Red Oak on hold
Proposed Birch Ridge developers reach agreement with planners
BY BRENDAN BERUBE Staff Writer
NEW DURHAM — Almost a year, to the day, after they first approached the New Durham Planning Board with a proposed 157- lot subdivision on the shore of Merrymeeting Lake, representatives from Red Oak Ridge, LLC met with the board on Nov. 10 to ratify the terms of an agreement that will place their proposal on hold, pending the outcome of ongoing efforts to conserve the property.
Under the terms of an agreement drafted by attorneys for both parties over the past four months, Red Oak has promised to suspend any further action on the proposed subdivision for up to three years, giving local residents and the Society for the Protection of New Hampshire Forests (commonly known as the Forest Society) more time to purse the funding needed to purchase the Birch Ridge property (which, according to a recent appraisal, is valued at $3.5 million to $4 million).
Red Oak (backed by Gruss & Company, a Madison Avenue- based real estate investment firm) first approached the board in November of last year, requesting input on a design for an open space conservation subdivision consisting of 94 single- family homes and 63 duplexes (a total of 220 residential units) on a 2,038-acre parcel of land overlooking the south shore of Merrymeeting Lake, known locally as Birch Ridge.
Faced with widespread public opposition to their initial plan, the developers agreed in July to sign a letter of intent to sell the property, at fair market value, to an entity or entities capable of placing the entire parcel under a permanent conservation easement.
A group of local residents calling themselves the Birch Ridge Conservation Project Group, supported by the Forest Society (which is currently pursuing federal and state grants), have spent the past several months working to raise private donations from community members in support of the project.The board of selectmen has also agreed to present voters at next year’s Town Meeting with a Warrant article asking them to raise and appropriate a municipal bond in the amount of $1.3 million, which would be used to support the conservation effort.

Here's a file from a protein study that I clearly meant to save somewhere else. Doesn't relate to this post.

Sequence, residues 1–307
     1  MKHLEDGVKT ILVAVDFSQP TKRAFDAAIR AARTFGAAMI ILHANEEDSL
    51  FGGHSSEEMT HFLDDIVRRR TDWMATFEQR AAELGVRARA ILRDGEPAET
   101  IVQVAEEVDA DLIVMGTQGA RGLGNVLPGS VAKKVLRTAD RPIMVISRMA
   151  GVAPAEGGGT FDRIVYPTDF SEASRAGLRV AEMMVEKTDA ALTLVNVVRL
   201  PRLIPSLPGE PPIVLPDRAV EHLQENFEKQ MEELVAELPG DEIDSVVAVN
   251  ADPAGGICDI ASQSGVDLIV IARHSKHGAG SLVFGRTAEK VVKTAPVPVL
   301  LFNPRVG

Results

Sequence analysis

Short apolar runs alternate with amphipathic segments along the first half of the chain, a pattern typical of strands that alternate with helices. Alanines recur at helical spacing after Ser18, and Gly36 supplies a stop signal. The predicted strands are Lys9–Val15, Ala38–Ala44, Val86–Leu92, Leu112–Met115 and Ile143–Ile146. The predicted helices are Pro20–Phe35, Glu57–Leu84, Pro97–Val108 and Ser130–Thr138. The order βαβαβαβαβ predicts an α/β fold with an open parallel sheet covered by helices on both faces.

In the event that the town and the Forest Society fail to procure sufficient funding for the conservation option within the three-year time frame specified by the new agreement, a clause has been included granting the board and Red Oak the authority to extend the deadline “if further time is reasonably required to accomplish a conservation result.”
If the conservation plan should fall through completely, or if they decide at any point during the next three years that they no longer wish to pursue the conservation option, and notify the town accordingly, Red Oak has reserved the right to move forward with the initial 157-lot proposal.
The developer has withdrawn the “hybrid” plan it presented to the board in July, which would have consisted of 10 to 15 lots, each measuring 20 acres, with the remainder of the property preserved in its present state.
Although the planning board is now prohibited from conducting any formal hearings on Red Oak’s proposal until the three-year time frame of the agreement is up, the agreement does grant them the authority to hold periodic informational meetings in order to advise both abutters and the general public on the progress of the conservation plan.
The board has also been granted permission, under the terms of the agreement, to develop information about the conservation project, make presentations on it at town meetings and engage in discussions about it with other town agencies. The agreement can be read in its entirety on the town Web site, www.newdurhamnh. us.
Brendan Berube can be reached at 569-3126 or firstname.lastname@example.org
This story reprinted with permission of The Baysider and Salmon Press.